For next step in Iran re­sponse, watch Iraq

Boston Herald - - Herald Opinion - By TRUDY RUBIN Trudy Rubin is a syn­di­cated colum­nist.

This is a mo­ment — in the wake of the Soleimani killing and the mild Ira­nian re­sponse — when ev­ery­one needs to take a deep breath.

Ira­nian of­fi­cials are clearly shocked and de­bat­ing their op­tions. They will have to fac­tor in the fall­out af­ter Iran ad­mit­ted it mis­tak­enly downed a Ukrainian air­liner.

Whether or not it was nec­es­sary or wise to kill Gen. Qassem Soleimani, his death won’t pro­duce World War III. The Ira­nian re­sponse will be asym­met­ric and oc­cur over time.

Tehran’s goal is to drive the United States out of the Mideast, us­ing the proxy Shi­ite mili­tias that Soleimani fos­tered around the re­gion. The im­me­di­ate fo­cus of their ef­forts is Bagh­dad.

“What we have is a pause, not vic­tory,” said vet­eran U.S. diplo­mat and former am­bas­sador to Iraq Ryan Crocker. “For the next step, watch Iraq.”

So let us watch. The 2003 in­va­sion opened the door to Ira­nian in­flu­ence there af­ter the U.S. over­threw the Sunni dic­ta­tor Sad­dam Hus­sein.

Iran shares a 900-mile bor­der with Iraq, in which a ma­jor­ity of Arabs are Shi­ite, as are most Per­sians.

The Ge­orge W. Bush ad­min­is­tra­tion naively be­lieved that all Shi­ite Iraqis would wel­come the U.S. with open arms be­cause Sad­dam had op­pressed them. But when I trav­eled to the holi­est Shi­ite shrine city, Na­jaf in south­ern Iraq, in May 2003, re­li­gious lead­ers told me the Amer­i­cans owed them big time. The first Pres­i­dent Bush, they com­plained bit­terly, had called for them to rise against Sad­dam dur­ing the 1991 Gulf War, then let Sad­dam slaugh­ter them when they did so.

“The Amer­i­cans should sta­bi­lize Iraq and leave,” se­nior cler­ics said.

They did nei­ther, in­stead help­ing to cre­ate a sec­tar­ian po­lit­i­cal sys­tem, with Shi­ite, Sunni and Kur­dish po­lit­i­cal par­ties that cor­ruptly di­vide the oil spoils and fail to meet the coun­try’s ba­sic needs.

Soleimani helped Tehran ce­ment con­trol over key Shi­ite po­lit­i­cal par­ties and move­ments. Af­ter ISIS swept into north­ern Iraq in 2014, the Ira­nian gen­eral also shaped Shi­ite mili­tias into a pow­er­ful fighting force against it. Tehran still hopes to sub­sume the reg­u­lar Iraqi army un­der the con­trol of Shi­ite mili­tias that are loyal to Iran.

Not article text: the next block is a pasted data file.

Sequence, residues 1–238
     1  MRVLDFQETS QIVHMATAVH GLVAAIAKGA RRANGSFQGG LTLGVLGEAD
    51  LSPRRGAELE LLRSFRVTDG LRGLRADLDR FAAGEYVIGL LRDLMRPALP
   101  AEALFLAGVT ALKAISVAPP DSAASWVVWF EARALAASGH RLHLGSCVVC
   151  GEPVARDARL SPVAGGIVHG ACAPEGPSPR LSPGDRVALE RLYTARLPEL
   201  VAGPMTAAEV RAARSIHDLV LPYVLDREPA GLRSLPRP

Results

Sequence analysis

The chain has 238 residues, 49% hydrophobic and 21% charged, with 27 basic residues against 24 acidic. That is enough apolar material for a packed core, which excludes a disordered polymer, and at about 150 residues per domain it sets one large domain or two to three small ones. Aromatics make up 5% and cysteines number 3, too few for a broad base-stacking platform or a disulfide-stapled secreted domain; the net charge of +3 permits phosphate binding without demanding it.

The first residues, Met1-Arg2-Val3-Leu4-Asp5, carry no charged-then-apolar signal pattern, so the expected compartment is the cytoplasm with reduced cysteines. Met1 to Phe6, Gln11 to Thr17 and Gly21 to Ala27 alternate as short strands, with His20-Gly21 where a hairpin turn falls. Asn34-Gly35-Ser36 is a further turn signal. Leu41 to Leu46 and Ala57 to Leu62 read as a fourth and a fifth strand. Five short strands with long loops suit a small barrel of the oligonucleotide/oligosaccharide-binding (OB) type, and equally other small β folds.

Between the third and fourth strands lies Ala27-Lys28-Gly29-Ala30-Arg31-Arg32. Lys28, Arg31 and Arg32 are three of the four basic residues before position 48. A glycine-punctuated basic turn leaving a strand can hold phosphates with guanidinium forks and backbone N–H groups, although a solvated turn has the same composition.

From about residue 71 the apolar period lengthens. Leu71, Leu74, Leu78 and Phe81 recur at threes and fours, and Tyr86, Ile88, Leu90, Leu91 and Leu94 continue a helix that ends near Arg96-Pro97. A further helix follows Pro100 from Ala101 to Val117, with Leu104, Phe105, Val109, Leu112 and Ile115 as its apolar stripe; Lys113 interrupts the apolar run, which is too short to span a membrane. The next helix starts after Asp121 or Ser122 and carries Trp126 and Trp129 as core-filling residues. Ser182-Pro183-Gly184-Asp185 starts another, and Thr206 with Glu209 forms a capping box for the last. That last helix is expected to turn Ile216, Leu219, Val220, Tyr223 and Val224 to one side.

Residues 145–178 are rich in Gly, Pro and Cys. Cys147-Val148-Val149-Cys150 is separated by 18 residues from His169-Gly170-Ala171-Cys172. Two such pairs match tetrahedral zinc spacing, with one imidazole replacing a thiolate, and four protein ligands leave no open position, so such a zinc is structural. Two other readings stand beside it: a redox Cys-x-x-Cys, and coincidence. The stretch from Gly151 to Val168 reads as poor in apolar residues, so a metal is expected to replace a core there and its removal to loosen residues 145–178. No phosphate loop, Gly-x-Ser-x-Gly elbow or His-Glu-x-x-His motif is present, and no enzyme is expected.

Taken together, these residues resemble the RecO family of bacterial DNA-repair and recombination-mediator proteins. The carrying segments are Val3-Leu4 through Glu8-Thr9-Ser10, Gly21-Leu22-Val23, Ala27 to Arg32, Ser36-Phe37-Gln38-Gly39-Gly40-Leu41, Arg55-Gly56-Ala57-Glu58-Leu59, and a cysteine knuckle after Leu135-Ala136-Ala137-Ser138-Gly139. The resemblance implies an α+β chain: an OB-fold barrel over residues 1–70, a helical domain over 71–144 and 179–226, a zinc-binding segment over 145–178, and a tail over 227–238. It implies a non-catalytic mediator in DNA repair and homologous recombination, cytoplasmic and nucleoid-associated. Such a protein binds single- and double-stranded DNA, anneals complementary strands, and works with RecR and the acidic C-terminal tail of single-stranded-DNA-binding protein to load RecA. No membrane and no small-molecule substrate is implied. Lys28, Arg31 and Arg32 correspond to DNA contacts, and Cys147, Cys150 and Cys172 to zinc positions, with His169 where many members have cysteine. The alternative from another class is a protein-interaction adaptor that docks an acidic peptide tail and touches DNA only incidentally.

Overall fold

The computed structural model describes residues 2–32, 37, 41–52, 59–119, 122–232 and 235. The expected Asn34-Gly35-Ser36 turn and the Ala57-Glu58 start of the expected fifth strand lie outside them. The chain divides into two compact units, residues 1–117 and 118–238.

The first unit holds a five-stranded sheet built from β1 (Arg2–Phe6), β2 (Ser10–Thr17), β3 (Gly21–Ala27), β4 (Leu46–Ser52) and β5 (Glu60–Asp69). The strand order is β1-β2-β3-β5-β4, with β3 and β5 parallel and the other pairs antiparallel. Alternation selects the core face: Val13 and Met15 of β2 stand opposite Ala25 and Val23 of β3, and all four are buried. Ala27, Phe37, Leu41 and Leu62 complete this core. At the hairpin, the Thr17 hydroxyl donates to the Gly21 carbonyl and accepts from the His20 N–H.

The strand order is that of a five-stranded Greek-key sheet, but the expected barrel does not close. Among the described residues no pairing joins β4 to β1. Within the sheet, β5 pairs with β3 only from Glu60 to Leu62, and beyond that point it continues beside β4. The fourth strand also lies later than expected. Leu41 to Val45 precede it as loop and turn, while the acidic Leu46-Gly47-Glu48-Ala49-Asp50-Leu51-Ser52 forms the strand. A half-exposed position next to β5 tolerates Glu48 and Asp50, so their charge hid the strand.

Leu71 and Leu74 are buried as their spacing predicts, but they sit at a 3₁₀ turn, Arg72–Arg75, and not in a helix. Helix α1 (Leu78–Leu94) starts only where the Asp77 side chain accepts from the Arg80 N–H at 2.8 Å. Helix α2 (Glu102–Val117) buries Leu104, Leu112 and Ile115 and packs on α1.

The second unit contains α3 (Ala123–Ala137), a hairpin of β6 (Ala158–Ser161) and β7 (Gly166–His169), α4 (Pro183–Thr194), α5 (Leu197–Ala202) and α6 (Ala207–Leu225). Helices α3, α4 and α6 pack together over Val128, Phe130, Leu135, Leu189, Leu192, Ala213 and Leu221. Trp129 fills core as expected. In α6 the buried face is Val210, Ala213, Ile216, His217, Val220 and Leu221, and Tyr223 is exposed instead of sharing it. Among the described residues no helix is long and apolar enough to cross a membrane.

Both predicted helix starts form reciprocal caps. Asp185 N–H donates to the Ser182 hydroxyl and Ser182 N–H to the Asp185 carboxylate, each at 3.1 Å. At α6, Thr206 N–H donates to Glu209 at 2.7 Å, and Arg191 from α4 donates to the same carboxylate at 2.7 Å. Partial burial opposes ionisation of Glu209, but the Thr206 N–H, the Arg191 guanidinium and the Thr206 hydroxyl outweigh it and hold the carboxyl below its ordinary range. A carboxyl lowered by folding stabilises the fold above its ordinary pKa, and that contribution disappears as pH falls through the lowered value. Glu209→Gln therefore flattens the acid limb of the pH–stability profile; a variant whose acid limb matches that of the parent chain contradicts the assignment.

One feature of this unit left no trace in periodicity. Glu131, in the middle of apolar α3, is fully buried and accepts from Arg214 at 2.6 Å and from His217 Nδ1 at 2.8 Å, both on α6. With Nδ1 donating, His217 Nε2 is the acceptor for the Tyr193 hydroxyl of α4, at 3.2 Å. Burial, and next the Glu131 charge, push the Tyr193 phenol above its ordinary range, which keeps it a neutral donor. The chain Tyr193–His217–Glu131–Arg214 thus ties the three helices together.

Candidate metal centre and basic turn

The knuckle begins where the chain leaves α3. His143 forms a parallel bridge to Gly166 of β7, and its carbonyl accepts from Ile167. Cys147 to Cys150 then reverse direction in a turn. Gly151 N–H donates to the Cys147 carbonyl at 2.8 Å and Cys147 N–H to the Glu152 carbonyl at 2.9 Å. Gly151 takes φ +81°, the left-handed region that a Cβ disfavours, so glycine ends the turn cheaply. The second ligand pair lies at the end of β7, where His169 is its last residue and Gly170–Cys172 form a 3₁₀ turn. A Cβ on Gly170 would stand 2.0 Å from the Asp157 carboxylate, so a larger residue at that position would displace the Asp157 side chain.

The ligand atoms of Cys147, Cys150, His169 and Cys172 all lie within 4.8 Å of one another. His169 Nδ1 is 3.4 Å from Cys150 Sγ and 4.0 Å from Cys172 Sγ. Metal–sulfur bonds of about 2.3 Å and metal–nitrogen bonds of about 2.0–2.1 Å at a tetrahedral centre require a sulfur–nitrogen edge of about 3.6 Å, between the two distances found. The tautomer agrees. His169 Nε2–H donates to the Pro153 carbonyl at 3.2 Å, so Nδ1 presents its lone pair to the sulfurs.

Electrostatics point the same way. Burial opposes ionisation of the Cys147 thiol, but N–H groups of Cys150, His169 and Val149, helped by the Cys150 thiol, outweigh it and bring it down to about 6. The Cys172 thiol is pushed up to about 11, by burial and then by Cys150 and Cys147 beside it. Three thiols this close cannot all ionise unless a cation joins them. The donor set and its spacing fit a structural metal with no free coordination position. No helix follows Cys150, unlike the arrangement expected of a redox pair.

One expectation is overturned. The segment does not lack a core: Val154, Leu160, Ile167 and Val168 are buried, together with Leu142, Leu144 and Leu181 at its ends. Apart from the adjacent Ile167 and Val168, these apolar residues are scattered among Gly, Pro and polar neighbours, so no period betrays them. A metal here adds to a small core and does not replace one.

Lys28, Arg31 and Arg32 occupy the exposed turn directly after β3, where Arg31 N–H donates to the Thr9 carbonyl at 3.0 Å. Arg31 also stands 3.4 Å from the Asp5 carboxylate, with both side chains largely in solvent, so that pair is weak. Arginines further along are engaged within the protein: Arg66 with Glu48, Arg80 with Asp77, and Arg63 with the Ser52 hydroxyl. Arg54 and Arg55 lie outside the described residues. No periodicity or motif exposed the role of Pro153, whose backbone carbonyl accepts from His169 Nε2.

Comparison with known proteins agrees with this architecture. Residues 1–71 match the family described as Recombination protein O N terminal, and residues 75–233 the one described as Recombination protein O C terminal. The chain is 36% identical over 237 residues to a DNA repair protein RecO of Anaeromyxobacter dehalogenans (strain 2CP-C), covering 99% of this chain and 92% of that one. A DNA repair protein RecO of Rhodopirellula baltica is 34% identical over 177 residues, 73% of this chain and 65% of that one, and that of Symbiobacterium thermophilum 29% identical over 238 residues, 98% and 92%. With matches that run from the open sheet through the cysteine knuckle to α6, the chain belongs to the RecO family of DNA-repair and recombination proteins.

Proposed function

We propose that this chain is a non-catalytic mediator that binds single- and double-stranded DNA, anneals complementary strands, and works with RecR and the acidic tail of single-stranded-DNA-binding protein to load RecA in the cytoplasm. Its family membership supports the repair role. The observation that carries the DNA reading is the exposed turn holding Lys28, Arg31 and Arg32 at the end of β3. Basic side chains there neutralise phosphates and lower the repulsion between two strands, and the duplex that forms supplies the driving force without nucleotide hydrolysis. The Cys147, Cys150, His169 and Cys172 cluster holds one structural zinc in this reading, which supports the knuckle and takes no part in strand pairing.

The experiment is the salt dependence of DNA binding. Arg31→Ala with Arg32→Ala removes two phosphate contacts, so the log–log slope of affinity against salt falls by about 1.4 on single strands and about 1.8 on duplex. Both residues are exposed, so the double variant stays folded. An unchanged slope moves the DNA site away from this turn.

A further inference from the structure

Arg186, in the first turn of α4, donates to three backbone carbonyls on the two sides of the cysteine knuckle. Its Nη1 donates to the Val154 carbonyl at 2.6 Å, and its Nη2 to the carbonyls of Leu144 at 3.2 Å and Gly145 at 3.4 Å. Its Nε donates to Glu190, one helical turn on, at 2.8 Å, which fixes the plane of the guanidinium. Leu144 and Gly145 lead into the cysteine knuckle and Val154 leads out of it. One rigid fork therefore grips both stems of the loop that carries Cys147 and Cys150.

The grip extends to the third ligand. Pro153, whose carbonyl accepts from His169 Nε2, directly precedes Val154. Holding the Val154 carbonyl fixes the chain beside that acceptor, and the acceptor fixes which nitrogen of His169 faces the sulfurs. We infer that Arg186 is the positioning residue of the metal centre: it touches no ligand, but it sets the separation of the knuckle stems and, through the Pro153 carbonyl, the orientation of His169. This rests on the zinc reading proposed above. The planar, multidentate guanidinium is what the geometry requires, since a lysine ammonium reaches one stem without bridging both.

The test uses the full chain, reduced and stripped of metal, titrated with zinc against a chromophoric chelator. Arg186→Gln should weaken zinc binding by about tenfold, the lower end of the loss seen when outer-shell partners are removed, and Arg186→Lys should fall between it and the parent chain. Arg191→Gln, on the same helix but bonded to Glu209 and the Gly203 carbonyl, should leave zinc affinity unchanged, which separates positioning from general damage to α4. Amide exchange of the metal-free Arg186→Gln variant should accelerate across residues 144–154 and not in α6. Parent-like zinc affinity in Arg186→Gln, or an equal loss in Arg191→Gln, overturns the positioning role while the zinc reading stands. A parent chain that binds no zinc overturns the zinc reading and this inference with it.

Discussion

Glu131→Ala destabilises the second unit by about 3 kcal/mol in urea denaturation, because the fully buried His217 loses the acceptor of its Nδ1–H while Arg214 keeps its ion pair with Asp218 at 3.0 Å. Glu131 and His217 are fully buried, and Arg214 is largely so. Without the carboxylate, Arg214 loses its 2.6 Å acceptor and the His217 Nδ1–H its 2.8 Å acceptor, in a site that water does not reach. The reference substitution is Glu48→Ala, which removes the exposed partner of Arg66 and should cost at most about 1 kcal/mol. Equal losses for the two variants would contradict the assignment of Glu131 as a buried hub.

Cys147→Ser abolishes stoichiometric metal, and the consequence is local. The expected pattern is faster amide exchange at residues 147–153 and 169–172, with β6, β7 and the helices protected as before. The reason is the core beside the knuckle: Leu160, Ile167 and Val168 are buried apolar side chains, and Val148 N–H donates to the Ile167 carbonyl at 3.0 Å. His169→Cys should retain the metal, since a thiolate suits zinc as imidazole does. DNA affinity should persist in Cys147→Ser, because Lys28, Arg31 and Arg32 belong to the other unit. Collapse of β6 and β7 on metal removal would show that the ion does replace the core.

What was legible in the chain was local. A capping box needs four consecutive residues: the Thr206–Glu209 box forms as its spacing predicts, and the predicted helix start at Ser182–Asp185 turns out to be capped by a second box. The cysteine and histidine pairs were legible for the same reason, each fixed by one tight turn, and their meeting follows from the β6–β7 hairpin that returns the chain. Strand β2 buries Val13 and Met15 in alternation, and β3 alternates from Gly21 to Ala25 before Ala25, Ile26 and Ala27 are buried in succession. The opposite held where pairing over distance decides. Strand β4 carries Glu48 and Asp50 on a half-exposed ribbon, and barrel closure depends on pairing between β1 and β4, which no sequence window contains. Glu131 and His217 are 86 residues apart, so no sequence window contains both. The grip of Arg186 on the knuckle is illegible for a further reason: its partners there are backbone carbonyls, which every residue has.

Af­ter Soleimani’s death, pro-Ira­nian par­ties in par­lia­ment voted for the 5,000 or so re­main­ing U.S. troops to leave. But it’s not at all clear that most Iraqis want them out.

“The par­lia­ment’s de­ci­sion was non­bind­ing,” I was told by phone from Er­bil, in Iraqi Kur­dis­tan, by Hosh­yar Ze­bari, Iraq’s longest­serv­ing for­eign min­is­ter (2003-14) and a leader in its Kur­dish re­gion.

Equally im­por­tant, Kur­dish and Sunni par­ties did not vote, nor are all Shia par­lia­men­tar­i­ans on board.

“Any such move has to be done with a na­tional con­sen­sus, which isn’t there,” said Ze­bari.

To un­der­stand why Iraqis are di­vided on this, one need only look at the mas­sive street protests that had been tak­ing place in Bagh­dad and else­where be­fore Soleimani’s death against Ira­nian dom­i­na­tion of their coun­try.

These young demon­stra­tors — of whom about 450 have been killed by Shi­ite mili­ti­a­men, prob­a­bly on Soleimani’s or­ders — were also de­mand­ing an end to cor­rupt sec­tar­ian par­ties. This is the most pow­er­ful move­ment for change since the U.S. in­vaded Iraq.

“The key mes­sage,” Ze­bari con­tin­ued, “is that the U.S. should not leave. If they evac­u­ate, there would be a vac­uum, chaos, a failed state. It would ex­pose all U.S. al­lies to the threat of ter­ror­ism, and re­gional in­ter­fer­ence.”

In other words, Ira­nian in­flu­ence would grow around the re­gion de­spite Soleimani’s death.

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